Which banks will participate in this special fund?
Although, the exact details about how this new ship financing scheme will operate still remain unclear, I believe that it’s a highly exclusive scheme, which under all likelihood will include state credit lines from the large internationally active banks of China, i.e. China Development Bank, Exim Bank of China, Construction Bank of China and other major banking institutions.
What about the terms of financing? Are they low-cost or comparable to other international banks?
The financing terms are similar to the international standards, with a slight difference regarding the cost of financing which is a bit more expensive. I believe that the large Chinese banking groups possess the necessary know-how to offer attractive loan structures. This fact, combined with their relationships with the country’s shipbuilding industry, provides them with important advantages.
Among the drawbacks, we can say that they lack a long term experience in the field of ship financing at an international level. Let’s not forget that the large fleet of Chinese shipping industry is financed by the same banks which will enter into the international foray, but until now it was only a part of intra-Chinese trading routes (cabotage trade).
Have we seen any agreements between Hellenic shipping companies and Chinese banks?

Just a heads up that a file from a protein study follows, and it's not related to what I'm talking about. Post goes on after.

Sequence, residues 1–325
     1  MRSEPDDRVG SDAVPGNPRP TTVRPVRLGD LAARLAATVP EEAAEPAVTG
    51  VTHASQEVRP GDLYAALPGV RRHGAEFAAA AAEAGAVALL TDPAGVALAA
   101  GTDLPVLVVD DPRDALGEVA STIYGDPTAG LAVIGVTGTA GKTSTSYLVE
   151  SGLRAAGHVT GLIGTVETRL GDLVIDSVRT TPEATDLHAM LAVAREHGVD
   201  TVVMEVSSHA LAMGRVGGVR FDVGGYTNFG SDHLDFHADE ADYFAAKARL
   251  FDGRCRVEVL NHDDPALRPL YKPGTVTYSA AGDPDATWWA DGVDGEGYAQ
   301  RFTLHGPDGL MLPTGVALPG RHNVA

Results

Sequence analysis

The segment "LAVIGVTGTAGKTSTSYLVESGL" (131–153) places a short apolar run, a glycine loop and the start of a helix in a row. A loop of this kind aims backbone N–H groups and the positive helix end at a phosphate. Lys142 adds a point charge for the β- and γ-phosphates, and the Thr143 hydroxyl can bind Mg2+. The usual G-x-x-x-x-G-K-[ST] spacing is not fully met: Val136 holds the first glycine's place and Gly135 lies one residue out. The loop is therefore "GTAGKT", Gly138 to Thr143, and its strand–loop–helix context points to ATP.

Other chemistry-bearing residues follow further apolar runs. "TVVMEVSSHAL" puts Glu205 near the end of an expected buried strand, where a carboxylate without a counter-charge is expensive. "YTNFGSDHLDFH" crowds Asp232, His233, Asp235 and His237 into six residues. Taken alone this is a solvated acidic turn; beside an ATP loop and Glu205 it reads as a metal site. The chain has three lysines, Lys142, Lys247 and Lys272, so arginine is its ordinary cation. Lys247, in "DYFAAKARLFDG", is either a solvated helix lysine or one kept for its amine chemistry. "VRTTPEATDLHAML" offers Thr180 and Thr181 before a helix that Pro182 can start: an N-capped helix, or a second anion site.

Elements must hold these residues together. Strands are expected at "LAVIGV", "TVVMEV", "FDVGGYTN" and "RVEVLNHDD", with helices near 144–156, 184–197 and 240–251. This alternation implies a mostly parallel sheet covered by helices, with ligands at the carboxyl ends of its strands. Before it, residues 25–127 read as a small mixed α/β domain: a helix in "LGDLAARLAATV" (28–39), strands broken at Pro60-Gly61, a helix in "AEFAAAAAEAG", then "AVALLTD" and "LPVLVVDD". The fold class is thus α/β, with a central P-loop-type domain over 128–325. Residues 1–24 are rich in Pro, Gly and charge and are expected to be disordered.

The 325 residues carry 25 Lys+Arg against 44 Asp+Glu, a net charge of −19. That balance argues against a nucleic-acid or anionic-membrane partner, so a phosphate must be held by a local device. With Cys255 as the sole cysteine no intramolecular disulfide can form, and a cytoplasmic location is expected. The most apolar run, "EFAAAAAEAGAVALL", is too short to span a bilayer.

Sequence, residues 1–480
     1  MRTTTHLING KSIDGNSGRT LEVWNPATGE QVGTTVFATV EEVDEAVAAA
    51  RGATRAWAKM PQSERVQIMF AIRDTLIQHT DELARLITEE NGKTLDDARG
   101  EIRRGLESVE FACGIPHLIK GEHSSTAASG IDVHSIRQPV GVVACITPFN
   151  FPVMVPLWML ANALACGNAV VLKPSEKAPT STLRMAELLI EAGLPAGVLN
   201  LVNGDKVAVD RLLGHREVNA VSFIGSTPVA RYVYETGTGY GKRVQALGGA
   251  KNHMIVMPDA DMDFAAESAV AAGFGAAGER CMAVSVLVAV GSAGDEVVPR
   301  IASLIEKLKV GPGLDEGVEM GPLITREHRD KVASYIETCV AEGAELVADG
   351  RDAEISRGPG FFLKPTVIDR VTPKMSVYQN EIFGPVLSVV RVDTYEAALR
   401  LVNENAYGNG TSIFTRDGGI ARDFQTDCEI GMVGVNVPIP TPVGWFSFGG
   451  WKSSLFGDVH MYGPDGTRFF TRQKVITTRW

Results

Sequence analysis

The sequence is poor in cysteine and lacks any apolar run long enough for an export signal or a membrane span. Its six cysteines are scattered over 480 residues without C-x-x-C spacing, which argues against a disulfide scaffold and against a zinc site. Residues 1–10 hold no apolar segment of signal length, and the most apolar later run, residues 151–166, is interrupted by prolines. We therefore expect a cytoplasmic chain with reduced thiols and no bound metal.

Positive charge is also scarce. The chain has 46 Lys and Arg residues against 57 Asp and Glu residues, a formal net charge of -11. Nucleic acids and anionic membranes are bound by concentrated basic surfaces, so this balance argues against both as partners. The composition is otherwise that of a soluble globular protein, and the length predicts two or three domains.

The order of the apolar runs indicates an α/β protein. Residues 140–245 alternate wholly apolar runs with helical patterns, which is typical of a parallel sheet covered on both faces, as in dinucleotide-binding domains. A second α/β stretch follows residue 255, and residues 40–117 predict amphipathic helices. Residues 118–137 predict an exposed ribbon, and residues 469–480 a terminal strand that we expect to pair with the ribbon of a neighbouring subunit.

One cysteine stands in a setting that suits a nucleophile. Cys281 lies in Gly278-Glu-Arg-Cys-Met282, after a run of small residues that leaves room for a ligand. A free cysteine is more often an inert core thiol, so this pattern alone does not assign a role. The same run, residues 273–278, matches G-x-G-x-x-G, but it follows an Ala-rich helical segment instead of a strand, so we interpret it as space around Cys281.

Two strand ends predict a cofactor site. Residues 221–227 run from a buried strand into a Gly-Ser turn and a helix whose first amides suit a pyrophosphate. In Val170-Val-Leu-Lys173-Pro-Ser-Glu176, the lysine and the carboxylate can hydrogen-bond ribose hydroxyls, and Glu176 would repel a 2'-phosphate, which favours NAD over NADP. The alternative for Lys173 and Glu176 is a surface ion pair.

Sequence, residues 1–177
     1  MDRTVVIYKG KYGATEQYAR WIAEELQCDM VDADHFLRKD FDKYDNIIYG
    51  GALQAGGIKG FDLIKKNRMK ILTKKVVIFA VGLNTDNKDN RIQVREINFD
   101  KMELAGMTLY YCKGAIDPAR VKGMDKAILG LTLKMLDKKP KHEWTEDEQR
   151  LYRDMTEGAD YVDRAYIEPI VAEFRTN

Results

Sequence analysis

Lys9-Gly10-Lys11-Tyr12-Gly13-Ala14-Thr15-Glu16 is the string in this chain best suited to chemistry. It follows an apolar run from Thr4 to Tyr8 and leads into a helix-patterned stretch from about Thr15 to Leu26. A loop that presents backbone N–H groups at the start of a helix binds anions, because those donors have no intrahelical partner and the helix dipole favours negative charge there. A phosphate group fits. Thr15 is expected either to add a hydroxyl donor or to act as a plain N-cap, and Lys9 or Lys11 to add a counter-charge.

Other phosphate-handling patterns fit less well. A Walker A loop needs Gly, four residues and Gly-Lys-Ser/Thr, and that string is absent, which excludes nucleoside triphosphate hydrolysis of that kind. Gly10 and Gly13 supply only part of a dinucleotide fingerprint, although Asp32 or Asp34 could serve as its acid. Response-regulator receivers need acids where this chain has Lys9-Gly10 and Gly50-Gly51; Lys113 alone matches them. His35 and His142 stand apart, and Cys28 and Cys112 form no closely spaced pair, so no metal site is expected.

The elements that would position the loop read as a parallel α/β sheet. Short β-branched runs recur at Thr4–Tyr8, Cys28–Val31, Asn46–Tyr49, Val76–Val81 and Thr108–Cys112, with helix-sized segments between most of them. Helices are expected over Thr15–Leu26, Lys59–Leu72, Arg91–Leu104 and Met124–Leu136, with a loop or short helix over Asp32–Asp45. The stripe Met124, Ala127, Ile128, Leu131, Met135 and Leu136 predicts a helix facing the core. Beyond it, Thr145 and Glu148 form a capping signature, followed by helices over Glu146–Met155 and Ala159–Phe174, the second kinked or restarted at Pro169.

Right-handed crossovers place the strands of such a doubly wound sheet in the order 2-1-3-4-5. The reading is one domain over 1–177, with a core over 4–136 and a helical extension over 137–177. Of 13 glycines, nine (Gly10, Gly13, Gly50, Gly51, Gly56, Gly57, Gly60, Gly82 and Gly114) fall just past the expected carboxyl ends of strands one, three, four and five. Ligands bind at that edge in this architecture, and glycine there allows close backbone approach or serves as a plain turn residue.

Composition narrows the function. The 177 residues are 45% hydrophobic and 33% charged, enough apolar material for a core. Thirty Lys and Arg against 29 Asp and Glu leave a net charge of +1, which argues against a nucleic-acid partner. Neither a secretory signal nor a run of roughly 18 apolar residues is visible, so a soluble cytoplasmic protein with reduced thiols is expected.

Yes, it seems that things are picking up, since one of the largest Chinese banks signed an agreement with George Economou’s Cardiff Marine, acting also as the agent of the deal, without any interference from any other European or foreign bank. It’s an agreement which will see the financing of a VLCC currently under construction in China.
At the same time, we are witnessing the stead rise of Exim Bank, which is actively participating to financing schemes, which are settled from European banks. Among those loan agreements, I can mention the deals signed from both the Angelikoussis Group and Diana Shipping of Simeon Palios. It is my belief that the designated sum of $5 billion will be just the beginning of an intense participation of Chinese banks in international shipping and Hellenic shipping in particular.
Do you think that China will soon be the leading maritime nation in the world?
In all likelihood China is already in first place as we speak. It’s clear that the Chinese are developing their shipping fleet in a very fast manner, with their strategic goal being the active participation in determining the transportation costs of commodities and raw materials which are entering the country. But, it’s a fact worldwide that transportation is traditionally conducted through the free market, both in terms of investors entering or leaving the market. This business model has proven its success and efficiency through time, since the cost of transportation is always determined by the strength of the global economy. I don’t foresee any developed maritime nation, like Hellas or other European countries losing their strength, despite their position in the global fleet standings.
Nikos Roussanoglou, Hellenic Shipping News Worldwide